Suicide Squad #11
Writer: Tom Taylor
Artist: Bruno Redondo & Adriano Lucas
The finale of Tom Taylor’s Suicide Squad maxi-series is here! The ex-members of The Suicide Squad are working to stop Black Mask as well as wrapping up loose ends. The action here feels a little rushed, but the resolution is wonderfully done. With this issue, Tom Taylor says goodbye to Suicide Squad, but it’s clear that he has more plans for The Revolutionaries on the horizon.
The cold opening of this issue reveals that Jog, the French speedster that died back in Suicide Squad #5, has risen back from the dead! Plot-wise, Jog ends up becoming a deus ex machina, and a very rushed one at that. I wasn’t a big fan of how sudden he was re-introduced and how fast he came to the team’s aid, but there’s a bigger factor in this that I’m more interested in. It becomes clear that Jog is more significant and more powerful than he seems, and although there isn’t time to explore it now, I hope it’s a story that is focused on more in another series.
With the day being saved pretty fast, the rest of the pages allow for a proper resolution and conclusion for the series. This is where the comic really shines. The characters have all formed a strong bond throughout the series, and I feel a strong connection to a lot of them. There are some nice, quiet moments near the end of this that were very much needed, and I’m glad that they were included. Afterward, one last bit of fun is had with the crew, showing how truly fun and exciting this pairing is and how much they deserve to show up in something again.
The art in this issue is just as great as the rest of the series. I love the way Black Rider is drawn in the opening pages with bold, harsh shadows. The particles and action lines surrounding the climax of the story make it very colorful and exciting, rather than a generic explosion would look. Great visual gags are executed really well, and there’s even more emotion coming from characters than usual. The Revolutionaries all have greatly-varied and recognizable designs that give them each a sense of individuality and identity. I think The Revolutionaries have everything they need to become a successful DC superhero team, and the art solidifies that.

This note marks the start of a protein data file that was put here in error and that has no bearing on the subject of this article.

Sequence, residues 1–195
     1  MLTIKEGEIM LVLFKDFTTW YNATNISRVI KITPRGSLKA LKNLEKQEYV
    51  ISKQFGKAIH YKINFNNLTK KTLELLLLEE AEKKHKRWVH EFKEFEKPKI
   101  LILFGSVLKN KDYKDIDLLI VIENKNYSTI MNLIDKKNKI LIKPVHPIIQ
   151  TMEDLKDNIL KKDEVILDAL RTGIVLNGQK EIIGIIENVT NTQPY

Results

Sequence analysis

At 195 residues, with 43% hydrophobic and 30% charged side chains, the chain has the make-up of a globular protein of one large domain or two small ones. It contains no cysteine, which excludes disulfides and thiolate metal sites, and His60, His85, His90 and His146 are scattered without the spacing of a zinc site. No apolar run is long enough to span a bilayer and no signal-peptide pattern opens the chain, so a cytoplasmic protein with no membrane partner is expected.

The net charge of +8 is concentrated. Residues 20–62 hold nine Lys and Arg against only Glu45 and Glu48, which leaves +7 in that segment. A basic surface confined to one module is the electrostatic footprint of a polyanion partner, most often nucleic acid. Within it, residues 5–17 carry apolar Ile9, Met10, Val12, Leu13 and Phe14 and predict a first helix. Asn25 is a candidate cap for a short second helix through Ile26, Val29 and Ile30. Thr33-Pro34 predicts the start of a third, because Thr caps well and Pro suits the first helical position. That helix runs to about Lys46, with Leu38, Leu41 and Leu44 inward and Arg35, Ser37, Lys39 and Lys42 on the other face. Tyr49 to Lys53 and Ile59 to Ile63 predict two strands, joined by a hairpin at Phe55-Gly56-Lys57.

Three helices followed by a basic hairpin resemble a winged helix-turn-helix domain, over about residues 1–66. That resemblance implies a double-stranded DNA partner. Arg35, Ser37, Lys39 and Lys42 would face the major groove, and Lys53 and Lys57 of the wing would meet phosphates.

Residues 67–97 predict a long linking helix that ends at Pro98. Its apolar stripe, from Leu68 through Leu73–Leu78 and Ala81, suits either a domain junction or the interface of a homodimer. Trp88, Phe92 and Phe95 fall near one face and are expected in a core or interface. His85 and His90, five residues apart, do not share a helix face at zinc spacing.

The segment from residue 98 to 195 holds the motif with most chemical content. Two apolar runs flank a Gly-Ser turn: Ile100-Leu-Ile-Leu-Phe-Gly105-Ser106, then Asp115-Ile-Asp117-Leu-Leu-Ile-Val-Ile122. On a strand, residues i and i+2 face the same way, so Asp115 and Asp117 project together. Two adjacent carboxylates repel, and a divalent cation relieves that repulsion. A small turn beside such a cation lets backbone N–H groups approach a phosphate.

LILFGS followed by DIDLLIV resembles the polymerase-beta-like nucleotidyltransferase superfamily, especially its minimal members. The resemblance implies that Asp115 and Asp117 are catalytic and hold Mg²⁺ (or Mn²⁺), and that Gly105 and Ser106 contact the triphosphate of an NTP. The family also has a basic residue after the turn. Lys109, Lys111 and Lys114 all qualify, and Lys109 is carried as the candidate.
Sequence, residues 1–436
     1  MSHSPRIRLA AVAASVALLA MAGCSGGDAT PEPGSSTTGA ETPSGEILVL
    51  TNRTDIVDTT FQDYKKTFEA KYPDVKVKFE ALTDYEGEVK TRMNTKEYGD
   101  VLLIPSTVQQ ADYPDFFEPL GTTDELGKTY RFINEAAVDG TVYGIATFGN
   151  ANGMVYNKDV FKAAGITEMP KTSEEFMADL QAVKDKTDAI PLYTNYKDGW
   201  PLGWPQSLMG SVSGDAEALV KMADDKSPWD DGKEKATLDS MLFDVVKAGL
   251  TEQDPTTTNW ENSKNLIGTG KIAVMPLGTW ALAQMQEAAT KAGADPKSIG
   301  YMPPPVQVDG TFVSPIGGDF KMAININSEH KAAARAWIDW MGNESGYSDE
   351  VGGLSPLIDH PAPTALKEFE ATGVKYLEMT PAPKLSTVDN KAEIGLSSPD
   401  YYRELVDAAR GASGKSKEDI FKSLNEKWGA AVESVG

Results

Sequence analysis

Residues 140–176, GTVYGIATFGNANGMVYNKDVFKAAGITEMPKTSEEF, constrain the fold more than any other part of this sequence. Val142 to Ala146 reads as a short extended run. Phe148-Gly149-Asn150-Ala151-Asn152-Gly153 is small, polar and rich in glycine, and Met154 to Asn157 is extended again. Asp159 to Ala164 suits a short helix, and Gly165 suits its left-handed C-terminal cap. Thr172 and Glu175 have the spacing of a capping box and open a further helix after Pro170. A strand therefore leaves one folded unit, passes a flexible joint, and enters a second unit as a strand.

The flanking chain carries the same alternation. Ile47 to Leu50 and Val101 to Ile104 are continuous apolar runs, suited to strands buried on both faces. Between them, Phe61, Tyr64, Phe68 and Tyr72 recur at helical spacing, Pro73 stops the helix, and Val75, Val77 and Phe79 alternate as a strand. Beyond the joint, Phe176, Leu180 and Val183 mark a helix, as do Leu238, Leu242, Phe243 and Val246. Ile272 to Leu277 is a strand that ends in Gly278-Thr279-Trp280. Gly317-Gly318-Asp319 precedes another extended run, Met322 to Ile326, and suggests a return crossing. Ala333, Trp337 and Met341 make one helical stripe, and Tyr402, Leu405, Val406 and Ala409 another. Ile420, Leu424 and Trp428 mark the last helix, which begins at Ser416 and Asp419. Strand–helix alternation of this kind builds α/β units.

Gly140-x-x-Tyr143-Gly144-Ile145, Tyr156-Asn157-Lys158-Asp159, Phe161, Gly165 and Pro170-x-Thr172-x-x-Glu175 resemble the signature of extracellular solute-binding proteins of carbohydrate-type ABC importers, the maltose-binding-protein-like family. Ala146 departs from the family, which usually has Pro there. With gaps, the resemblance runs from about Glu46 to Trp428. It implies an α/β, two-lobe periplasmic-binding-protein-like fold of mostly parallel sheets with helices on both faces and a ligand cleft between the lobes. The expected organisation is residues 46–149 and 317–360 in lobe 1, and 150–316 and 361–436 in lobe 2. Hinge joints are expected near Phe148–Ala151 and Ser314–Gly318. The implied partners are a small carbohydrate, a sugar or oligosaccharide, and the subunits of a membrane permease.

Looking back on this series, I realize that it’s not really much of a Suicide Squad story. I believe that this was always meant to be the launchpad for Tom Taylor’s new group of heroes: The Revolutionaries. I have not read any other Suicide Squad comics, and as such, I appreciate this story for what it was. For hardcore Suicide Squad fans, however, this may come across as more of a bait-and-switch. The story we got instead is still exciting and engaging, so I have no complaints.
So, as it stands, The Suicide Squad is no more. We now have a new, fully-introduced superhero team that I already have a strong connection to. I expect to see The Revolutionaries in more stories to come. However, I don’t expect a lot of the major changes to stay permanent. I’m sure that soon enough Waller will be back in command. Deadshot will probably return with Harley and a new set of bad guys. Then, the title will be relaunched just in time for the release of James Gunn’s movie. Until then, we have The Revolutionaries!
Suicide Squad (2019-) #11
Although the climax is very rushed, the resolution is sweet and satisfying. The team is well-established and they have all formed a strong bond. I hope it doesn't take long for The Revolutionaries to make another appearance.